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Tokuriki Tomikichirô (徳力富吉郞)

Dôjima-gawa kaki-fune (Oyster boat on the Dôjima River, 堂島川かき舟) from the series Osaka meisho (Famous places in Osaka, 大阪名所)
"T. Tokuriki” in pencil at lower left of image and brushed signature on the reverse
No artist seal
Matsukyû (末詳)
Printed c. 1950s-60s
(H x W)
Modern print, large ôban
26.3 x 39.2 cm
Excellent, with copious gofun (white shell powder)
Excellent color, unbacked; red artist seal on verso faint in LR corner
Price (USD/¥):
$465 / Contact us to pay in yen (¥)

Order/Inquiry(Ref #TKR10)


Tokuriki Tomikichirô (1902-2000 徳力富吉郞) was born in Kyoto. He graduated from the Kyoto City School of Fine Arts and Crafts and the Kyoto City Specialist School of Painting in 1924. He also studied nihonga (Japanese-style painting: 日本画) at the private school of Tsuchida Bakusen (1887-1936) and with Yamamoto Shunkyo (1871-1933). From 1929 Tokuriki focused on mokuhanga (block prints: 木版画), and he also actively promoted sôsaku hanga ("creative prints": 創作版画) in Kyoto. He published many sets and series before World War II, and afterwards established the Matsukyû (末詳) Publishing Company to produce and distribute his prints and through its subdivision, Kôrokusha (紅録社), to publish self-carved and self-printed hanga as well as works by other artists such as Kotozuka Eiichi (1906-1979), Takahashi Tasaburô (1904-1977), and Kamei Tôbei (1901-1977). For much of his long life Tokuriki taught many artisans and artists, some of them non-Japanese, and he traveled extensively, thus his influence was significant in the world of hanga. He is perhaps best known to Westerners through his many print designs in the shin hanga ("new prints": 新版画) manner for various series published by the three main Kyoto firms — Uchida, Unsôdô, and Kyoto Hanga-in. His self-carved, self-printed sôsaku hanga, such as the example we are offering here, are highly valued by collectors and curators. The artist recognized this dichotomy, saying, "I'd rather do nothing but creative prints, but after all, I sell maybe ten of them against two hundred for a publisher-artisan print."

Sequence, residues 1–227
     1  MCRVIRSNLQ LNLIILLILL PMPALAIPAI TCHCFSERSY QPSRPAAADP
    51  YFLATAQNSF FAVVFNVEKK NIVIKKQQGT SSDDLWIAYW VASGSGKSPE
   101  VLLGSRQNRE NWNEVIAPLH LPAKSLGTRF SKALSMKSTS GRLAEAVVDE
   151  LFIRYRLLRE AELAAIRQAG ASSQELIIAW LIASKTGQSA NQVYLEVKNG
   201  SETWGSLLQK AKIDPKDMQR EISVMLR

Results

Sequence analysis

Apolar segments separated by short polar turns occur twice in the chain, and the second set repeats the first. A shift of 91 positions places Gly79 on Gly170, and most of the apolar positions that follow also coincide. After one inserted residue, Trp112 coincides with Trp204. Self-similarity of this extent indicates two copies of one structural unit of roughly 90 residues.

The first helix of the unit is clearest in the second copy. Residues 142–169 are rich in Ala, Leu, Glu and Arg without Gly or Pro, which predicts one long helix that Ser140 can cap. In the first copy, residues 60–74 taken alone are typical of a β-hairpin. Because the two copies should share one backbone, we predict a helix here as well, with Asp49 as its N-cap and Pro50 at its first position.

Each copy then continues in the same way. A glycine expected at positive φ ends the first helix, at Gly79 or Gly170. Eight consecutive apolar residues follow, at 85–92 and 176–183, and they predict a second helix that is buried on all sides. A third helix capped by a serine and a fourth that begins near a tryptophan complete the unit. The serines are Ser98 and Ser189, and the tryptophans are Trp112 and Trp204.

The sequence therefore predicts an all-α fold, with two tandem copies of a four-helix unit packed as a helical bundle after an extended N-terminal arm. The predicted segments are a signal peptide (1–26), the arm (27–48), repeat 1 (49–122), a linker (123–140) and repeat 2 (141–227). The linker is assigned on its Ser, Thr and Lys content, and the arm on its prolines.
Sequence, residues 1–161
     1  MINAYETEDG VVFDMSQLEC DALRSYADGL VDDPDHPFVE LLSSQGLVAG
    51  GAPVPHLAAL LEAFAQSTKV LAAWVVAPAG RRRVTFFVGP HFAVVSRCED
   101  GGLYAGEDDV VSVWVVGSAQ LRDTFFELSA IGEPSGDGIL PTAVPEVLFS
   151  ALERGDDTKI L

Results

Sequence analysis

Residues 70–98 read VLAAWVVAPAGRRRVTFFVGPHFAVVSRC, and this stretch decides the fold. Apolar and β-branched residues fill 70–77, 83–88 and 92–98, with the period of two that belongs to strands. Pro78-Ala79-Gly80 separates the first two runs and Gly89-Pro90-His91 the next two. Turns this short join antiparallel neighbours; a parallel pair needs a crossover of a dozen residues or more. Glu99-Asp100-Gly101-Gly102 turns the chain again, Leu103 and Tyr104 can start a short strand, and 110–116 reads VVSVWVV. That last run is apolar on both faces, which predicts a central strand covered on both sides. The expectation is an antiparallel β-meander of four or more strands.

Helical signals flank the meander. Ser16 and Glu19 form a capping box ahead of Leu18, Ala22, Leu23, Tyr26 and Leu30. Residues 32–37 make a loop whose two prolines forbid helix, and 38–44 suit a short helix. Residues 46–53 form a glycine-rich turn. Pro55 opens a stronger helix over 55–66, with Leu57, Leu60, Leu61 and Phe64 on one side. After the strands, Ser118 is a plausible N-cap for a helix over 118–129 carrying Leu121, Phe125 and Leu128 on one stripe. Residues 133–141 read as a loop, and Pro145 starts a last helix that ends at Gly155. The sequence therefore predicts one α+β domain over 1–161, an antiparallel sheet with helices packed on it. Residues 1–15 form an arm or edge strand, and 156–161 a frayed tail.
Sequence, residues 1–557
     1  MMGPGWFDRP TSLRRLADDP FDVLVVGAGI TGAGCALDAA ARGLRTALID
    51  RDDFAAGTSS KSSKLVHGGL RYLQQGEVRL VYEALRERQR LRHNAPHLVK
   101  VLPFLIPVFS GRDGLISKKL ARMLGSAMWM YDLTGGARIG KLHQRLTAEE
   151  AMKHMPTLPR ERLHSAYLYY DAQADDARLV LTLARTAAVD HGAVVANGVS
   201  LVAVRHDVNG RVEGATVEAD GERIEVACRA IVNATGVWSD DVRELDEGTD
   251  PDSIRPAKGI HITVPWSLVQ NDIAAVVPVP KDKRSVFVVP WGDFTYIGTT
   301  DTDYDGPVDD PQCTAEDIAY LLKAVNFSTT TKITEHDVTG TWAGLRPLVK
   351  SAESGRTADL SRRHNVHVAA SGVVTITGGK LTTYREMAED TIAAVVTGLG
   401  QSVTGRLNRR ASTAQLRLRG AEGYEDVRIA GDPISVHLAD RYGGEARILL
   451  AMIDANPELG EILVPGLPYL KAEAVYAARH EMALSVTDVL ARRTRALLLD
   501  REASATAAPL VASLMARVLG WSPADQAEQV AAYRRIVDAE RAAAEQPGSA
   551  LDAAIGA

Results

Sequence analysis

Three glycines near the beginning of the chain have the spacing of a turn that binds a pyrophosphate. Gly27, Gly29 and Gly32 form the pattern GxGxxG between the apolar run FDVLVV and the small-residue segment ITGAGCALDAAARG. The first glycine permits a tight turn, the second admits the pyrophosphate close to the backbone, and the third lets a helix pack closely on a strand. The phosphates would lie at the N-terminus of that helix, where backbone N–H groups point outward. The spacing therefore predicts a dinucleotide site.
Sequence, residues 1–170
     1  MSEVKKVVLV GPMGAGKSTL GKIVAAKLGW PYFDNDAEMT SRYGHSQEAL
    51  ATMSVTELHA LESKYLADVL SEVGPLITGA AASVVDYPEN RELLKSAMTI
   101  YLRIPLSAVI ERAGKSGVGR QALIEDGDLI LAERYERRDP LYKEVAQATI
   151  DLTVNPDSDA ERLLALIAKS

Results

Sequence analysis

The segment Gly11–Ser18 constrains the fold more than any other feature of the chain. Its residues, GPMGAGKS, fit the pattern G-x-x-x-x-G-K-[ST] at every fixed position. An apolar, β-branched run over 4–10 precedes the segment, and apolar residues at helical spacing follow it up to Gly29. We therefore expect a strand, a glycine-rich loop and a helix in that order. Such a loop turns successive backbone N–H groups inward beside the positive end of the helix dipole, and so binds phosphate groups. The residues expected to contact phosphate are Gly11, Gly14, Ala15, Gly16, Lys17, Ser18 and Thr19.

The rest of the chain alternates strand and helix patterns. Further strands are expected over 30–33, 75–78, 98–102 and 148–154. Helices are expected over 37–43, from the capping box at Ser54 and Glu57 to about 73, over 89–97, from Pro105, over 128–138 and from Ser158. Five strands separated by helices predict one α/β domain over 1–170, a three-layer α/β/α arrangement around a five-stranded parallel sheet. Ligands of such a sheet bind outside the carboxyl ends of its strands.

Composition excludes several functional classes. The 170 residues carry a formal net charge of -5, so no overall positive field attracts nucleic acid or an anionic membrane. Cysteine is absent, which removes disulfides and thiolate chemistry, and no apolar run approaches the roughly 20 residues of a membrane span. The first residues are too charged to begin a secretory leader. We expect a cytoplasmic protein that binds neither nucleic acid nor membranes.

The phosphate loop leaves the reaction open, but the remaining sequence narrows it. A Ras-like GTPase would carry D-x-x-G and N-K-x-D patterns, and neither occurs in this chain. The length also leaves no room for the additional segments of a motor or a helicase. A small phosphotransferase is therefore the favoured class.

For more about this artist, see Tokuriki Tomikichirô Biography.


Tokuriki TKR10 Tomikichiro signatureTokuriki Tomikichiro TKR10 text reverseOyster culture or farming as an industry dates back to at least the second quarter of the seventeenth century in Japan, specifically in Hiroshima Prefecture, when it was discovered that oysters settled on stones and on the bamboo poles of fish traps. (Oyster consumption, however, has been part of the Japanse diet for millenia.) The molluscs were then replanted in intertidal zones surrounded by bamboo fences to keep predators out. Japanese oysters are at their best in late winter and early spring, and, indeed, Tokuriki's design features a floating oyster restaurant on a snowy day. This type of boat or barge is similar to those used during the Edo period. Some of Osaka's modern commercial buildings can be seen in the distance. Tokuriki makes effective use of reflected yellow incandescent lighting from within the riverside buildings.

Note: There is also, most unusually, a brushed signature (Tomikichirô, 富吉郞) and seal (Tomi, 富) on the verso (see detail on left). This print is also accompanied by a presentation sheet with a short text (see detail on right).

Prints by Tokuriki are in the Aichi Prefectural Museum of Art, Nagoya; Art Gallery of Greater Victoria; Brooklyn Museum, NY; Carnegie Museum of Art;Fine Arts Museums of San Francisco; Five College Museums/Historic Deerfield Collections; Harvard Art Museum; Los Angeles County Museum of Art; Museum of Fine Arts, Boston; National Museum of Modern Art, Tokyo; Smart Museum of Art, University of Chicago; University of Alberta Art Collection; Weatherspoon Art Museum, Greensboro; and Yale University Art Gallery.


  • Fujikake, Shizuya: Japanese Woodblock Prints. Tokyo: Tourist Library 10, Japan Travel Bureau, enlarged and rev. ed., 1949.
  • Merritt, Helen: Modern Japanese Woodblock Prints: The Early Years. Honolulu: University of Hawaii Press, 1990, pp. 88-92.
  • Statler, Oliver: Modern Japanese Prints: An Art Reborn. Rutland: Tuttle, 1956, pp. 118-122, 126, 199; nos. 72-73.
  • Tokuriki, Tomikichirô: Woodblock Printing. (trans. Arimatsu Teruko) Osaka: Hoikusha Publishing Company, 1968.
  • Zehnder, Amanda (intro.): Modern Japanese Prints: The Twentieth Century. Pittsburgh, PA: Carnegie Museum of Art, 2009, pp. 174-177.